There came into our compartment at Newton Abbot station a well-dressed West Indian girl. She asked timidly if the train went to Paignton. Answered in the affirmative she lifted her suitcase on to the rack and responded readily to our inquisitive questions, then joined quietly in the general conversation. She informed us that she was a student at the Institute of Education, London.
  After Torquay, the young student and I were the only passengers in the compartment and she continued the story of her early life in the West Indies. Could she, I asked, tell me anything about Dr Walters, a university lecturer who had gone to her country. "Do you mean Miss Elsa Walters?" At my affirmative nod she informed me that she had heard of the lady but had never seen her. Strange, I thought, that a young West Indian scholar could give me the elusive, forgotten Christian name of an acquaintance.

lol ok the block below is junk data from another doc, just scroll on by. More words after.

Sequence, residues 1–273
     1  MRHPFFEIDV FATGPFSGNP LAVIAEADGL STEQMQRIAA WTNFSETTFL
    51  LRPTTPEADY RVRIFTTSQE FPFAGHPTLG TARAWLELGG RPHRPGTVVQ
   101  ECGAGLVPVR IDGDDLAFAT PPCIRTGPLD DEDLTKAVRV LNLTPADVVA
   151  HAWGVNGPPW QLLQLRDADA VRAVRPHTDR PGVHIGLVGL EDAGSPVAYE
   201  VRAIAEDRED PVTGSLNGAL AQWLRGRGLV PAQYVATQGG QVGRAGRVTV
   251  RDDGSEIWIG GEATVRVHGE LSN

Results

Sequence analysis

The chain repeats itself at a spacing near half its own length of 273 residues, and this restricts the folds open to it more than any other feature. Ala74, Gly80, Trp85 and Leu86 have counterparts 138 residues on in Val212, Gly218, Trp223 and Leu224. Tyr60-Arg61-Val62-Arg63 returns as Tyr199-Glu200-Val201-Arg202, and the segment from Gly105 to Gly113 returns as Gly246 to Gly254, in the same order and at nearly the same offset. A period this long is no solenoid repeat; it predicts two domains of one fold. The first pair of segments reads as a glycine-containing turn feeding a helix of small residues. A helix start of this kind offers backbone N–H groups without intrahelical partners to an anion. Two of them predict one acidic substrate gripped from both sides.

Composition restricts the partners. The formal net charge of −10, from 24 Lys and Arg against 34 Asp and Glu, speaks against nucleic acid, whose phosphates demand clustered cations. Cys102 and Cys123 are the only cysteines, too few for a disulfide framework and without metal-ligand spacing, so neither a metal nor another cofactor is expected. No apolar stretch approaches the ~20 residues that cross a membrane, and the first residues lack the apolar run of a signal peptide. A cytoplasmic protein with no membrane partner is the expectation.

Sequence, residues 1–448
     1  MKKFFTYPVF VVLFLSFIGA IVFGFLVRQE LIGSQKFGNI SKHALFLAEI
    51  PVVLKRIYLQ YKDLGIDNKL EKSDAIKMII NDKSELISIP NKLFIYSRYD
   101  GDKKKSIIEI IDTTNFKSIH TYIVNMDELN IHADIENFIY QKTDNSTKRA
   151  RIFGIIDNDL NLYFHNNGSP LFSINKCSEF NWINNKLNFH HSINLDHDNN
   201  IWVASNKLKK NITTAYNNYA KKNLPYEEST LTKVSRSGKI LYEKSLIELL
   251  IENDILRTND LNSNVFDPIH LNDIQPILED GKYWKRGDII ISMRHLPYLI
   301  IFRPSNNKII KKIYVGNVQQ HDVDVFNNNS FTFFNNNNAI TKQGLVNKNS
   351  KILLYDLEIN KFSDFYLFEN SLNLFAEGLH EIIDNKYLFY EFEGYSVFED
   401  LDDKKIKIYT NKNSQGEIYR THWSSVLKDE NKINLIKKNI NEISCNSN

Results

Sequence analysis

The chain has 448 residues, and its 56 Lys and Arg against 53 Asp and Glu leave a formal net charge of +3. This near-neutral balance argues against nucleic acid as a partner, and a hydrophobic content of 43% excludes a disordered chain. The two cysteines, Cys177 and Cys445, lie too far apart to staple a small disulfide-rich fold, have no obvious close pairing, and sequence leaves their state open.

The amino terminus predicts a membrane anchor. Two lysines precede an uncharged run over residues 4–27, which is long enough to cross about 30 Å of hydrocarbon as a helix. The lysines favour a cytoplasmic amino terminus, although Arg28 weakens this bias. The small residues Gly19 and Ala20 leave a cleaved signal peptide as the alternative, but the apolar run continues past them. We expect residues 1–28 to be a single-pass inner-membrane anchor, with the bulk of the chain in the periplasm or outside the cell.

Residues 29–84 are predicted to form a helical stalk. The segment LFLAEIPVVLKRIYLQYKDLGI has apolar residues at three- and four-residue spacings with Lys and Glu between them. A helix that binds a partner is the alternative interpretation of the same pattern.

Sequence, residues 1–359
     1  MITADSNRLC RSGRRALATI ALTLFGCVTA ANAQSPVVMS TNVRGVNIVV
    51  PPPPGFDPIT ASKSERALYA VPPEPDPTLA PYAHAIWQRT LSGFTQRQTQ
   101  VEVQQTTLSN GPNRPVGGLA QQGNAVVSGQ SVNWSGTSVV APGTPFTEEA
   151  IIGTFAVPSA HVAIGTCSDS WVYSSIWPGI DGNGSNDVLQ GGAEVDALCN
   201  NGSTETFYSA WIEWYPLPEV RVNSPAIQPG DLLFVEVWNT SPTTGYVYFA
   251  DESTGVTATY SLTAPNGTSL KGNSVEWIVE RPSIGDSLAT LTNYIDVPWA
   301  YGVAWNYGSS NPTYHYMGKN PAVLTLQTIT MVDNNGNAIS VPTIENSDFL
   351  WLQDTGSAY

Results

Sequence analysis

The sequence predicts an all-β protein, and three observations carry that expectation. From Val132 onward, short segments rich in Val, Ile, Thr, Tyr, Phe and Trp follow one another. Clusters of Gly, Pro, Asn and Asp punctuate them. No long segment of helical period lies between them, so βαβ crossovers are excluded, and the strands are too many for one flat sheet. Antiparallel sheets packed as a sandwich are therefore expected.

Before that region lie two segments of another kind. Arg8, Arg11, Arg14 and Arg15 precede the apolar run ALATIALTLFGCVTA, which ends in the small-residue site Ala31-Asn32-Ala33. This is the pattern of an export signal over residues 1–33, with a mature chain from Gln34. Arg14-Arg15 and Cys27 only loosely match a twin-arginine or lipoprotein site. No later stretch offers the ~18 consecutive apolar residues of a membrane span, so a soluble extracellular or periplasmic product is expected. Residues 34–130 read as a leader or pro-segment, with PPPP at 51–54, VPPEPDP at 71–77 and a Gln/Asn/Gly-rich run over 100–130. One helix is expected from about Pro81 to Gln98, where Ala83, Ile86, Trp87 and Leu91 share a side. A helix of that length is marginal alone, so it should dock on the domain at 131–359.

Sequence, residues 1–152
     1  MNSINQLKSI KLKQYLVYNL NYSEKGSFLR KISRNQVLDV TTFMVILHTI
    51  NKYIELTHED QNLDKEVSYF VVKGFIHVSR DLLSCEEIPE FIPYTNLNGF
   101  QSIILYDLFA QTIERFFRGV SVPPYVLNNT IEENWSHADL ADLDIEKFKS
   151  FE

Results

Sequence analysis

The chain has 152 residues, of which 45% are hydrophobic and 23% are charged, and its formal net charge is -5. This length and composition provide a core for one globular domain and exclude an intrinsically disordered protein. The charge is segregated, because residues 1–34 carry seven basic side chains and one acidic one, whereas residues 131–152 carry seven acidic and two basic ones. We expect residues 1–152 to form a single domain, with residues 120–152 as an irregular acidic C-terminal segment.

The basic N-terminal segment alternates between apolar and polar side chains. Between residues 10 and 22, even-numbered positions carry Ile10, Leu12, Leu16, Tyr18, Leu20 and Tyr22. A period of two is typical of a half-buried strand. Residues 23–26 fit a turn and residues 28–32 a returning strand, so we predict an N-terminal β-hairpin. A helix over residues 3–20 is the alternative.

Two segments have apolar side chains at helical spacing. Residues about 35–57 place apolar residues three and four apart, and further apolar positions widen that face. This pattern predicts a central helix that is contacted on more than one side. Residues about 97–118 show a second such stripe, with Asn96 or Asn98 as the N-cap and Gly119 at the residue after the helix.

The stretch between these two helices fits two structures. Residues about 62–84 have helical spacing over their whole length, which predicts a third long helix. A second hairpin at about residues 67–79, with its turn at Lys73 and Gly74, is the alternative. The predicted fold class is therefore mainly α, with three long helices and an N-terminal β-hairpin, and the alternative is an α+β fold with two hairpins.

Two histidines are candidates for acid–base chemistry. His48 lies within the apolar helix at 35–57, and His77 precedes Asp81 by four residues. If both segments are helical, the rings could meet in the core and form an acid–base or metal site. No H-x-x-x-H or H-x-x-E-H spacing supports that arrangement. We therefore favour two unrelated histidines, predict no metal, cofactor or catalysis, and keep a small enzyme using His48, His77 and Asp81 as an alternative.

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Harold P. Webber – bowls king

Found in the papers of L.R. Reeve (see A.J. Balfour and many others) a piece, from about 1970, about the life of a bowls champion Harold P.(Percy) Webber. One of Reeve's more minor characters and well beneath the Wikipedia radar but a sort of 'village Hampden' in the world of bowls and the author of a notable book on the subject, written with Dr John William Fisher: Bowls - How to Improve your Game (Pitman, London 1934.) Apart from his sporting skills ('his length bowling was uncanny') Webber was a fine orator…

H. P. WEBBER

Harold Webber's recent sudden death, left the members of his club in a state of bewilderment and shock, and had there been a Wailing Wall like the well-known meeting place in Jerusalem, his departure would have caused a record assembly among the mourners. At the time I was very impressed moreover not only by bowlers of other clubs, but by non-players who never went near a club. One acquaintance declared that he couldn't get the deceased celebrity out of his mind. At last his wife said, "It's no use dwelling on his death; it won't bring him back."